Monday, August 23, 2010

Those who cannot remember the past are condemned to repeat it.

This weekend...this weekend...hmm...let's see.

Saturday morning I slept in until close to 9 o'clock...that means I clocked in close to 9 hours of sleep! What the Amazing? It was great. I finally got up, cooked up some breakfast and then laid in bed, cause I could. I finally got up for real and took a shower and got ready for the day. I had a date at 1 o'clock and I was meeting him downtown at the Edgar Allen Poe Museum. I had been there before but I tried to play it off like I hadn't. My pride got the best of me because we couldn't go upstairs in one of the buildings because there was going to be a wedding there and the room was reserved for the wedding party. My date wondered aloud what was up there and I said, "I know!" So...then I had to say, 'yeah, I've been here before'. It's the room where the voice over reads "The Raven", and on the other side of the teeny, tiny hallway is the boyhood room (replica) of Edgar Allen Poe...where it is said that a ghost resides. I was actually grateful to be looking at the lower level without hearing that super creepy voice coming from upstairs, and the boyhood room...creeps me out a little too, so all was well with me. I did learn something new, you see, there are so many things written in the museum that if I had a little more patience I would have read it all by now, but instead, being impatient, I get to learn something new each time I go.

Edgar Allen Poe was actually a little bit of an athlete! Who would have guessed, he doesn't strike me as an athlete- I guess because he writes or something, I don't know, it's possible.

Anyway, he swam six miles in the James River, which, according to the little plaque, has never been repeated. That's impressive.

That took a total of 30 minutes, so as we were leaving the museum we decided maybe we would get ice-cream (I had already eaten lunch). Neither of us really knew what was around, I knew of the River City Diner, and that was it, so we started to walk towards the Canal Walk because I remember seeing some shops down there last time I went. We stopped though because we saw the Holocaust Museum (I have been there before too, and admitted it this time). I guess this was kind of a macabre date.

I'm all for learning about history, but the Richmond Holocaust Museum has to be one of the scariest places that I have ever been...yet I keep going back. I think because it's free, therefore the people I am with always want to go. I jumped a few times and acted like a real pansy a few others. No matter how many times I am there that place will do it to me. It's eerie and I don't expect sunshine and butterflies, but I also don't like feeling like I'm in some scary movie. I did finally go through the tunnel. See, there is a tunnel in one of the rooms to demonstrate what it was like for one Jewish family that lived several weeks underground. I cheated and used my cell phone to light the way. Once to the main part of the tunnel there is a display set up with red light and a about a dozen plastic mannequins and a German audio recording ready to go once you get to a certain point...that point happened to be as I first noticed the dozen or so plastics looking at me. I don't think I screamed, but I can't say for certain that I didn't.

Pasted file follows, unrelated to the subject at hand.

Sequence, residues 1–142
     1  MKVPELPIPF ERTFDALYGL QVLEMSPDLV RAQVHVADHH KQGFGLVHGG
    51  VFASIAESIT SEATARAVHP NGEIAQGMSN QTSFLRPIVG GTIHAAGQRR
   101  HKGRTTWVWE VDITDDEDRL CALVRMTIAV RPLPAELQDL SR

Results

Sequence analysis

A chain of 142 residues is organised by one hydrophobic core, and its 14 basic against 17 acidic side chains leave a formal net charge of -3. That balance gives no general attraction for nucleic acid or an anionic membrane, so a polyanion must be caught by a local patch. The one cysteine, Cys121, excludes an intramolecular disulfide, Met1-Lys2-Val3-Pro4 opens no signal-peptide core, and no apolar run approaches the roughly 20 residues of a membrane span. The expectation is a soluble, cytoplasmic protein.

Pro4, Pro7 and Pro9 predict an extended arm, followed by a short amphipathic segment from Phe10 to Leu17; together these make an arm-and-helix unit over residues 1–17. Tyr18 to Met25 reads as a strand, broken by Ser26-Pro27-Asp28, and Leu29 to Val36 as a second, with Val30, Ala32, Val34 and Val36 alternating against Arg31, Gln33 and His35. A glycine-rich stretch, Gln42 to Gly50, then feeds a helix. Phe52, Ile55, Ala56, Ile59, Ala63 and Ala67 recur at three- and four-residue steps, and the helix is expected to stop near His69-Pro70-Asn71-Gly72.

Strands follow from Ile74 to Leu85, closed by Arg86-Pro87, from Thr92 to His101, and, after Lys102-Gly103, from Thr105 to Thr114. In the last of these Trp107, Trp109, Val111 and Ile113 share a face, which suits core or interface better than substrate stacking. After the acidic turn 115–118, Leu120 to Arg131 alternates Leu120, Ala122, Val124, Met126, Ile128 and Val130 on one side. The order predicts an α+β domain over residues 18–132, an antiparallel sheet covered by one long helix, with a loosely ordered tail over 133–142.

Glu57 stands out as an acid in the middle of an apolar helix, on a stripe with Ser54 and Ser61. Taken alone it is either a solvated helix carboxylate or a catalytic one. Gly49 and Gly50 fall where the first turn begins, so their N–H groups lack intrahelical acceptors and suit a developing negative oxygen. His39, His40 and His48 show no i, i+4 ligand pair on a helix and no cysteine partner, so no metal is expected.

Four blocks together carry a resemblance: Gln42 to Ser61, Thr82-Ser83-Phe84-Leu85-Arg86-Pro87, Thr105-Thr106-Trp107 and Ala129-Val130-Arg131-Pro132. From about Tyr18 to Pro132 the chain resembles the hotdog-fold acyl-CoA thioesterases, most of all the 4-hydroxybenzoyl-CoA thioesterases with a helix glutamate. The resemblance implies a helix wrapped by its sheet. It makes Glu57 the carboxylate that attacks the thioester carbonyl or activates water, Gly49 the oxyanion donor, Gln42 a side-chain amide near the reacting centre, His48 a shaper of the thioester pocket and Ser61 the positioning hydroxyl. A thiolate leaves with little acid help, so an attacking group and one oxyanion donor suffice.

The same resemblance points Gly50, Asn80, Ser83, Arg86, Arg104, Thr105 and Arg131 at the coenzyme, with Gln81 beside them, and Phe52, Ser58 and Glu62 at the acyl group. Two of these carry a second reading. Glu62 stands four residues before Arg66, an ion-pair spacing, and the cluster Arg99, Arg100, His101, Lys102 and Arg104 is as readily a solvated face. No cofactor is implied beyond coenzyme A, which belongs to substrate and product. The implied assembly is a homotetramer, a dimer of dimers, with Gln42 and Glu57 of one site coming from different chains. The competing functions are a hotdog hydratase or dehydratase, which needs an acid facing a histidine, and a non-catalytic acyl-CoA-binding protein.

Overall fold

I am hesitant to say that it was fun, rather, it is always a sobering experience. Especially as you get to the liberation section and you read the stories of those who survived and those who found the survivors. I held my ground though, and didn't cry, but I mentally made it a point to finally finish reading Izzy's Fire, a book I bought at the gift shop there about...5 years ago. (P.S. I have been crying while I read that the privacy of my own home of course). World War II just seemed to display the worst in people. The Americans were dropping A-bombs, the Germans were committing genocide, the Japanese were doing death marches and who knows what else because to be quite honest I don't know all that much. I know about the big things that they teach you in school and they make movies about. You look at all that was wrong and then you read about the soldiers coming in and pretty much saving those people and you think of all the soldiers that died just to get the armies there and how some of those prisoners were barely hanging on, to their lives, to their faith. Many of them having already lost all that they had. I read about soldiers, nurses, resistance fighters, one woman who left her daughter at a Catholic convent while she helped with the underground, helping Jewish families escape Nazi controlled countries. The best and the worst displayed in relatively a few short years. I wonder how our history will sum us up.

I didn't mean to get deep there, I was planning to go on and on about how when I got home I slept the rest of the day and go into a silly diatribe about how I must have contracted African Sleeping Sickness. African Sleeping Sickness (I was going to reduce that to just letters but thought better of it, and quickly) Diatribe averted. Rather, I would like to thank anyone who has ever devoted their time to serving our country, who knows how many lives they have affected with their service whether directly or indirectly. Thanks for all that you do!


Martha said...

African Sleeping Sickness.

Kind of like naming my daughter Antionette Sarah Smith...not that I even wanted to, I'm just saying.

Elaina said...

You definitely have A.S.S.

I will have to check out the museum. I've never been to the one here. And I need to go to the Poe one too.

Who was your date with?

Joanna & Ben said...

I have never been to either of those places. I have a cultural void that I should probably try to fill


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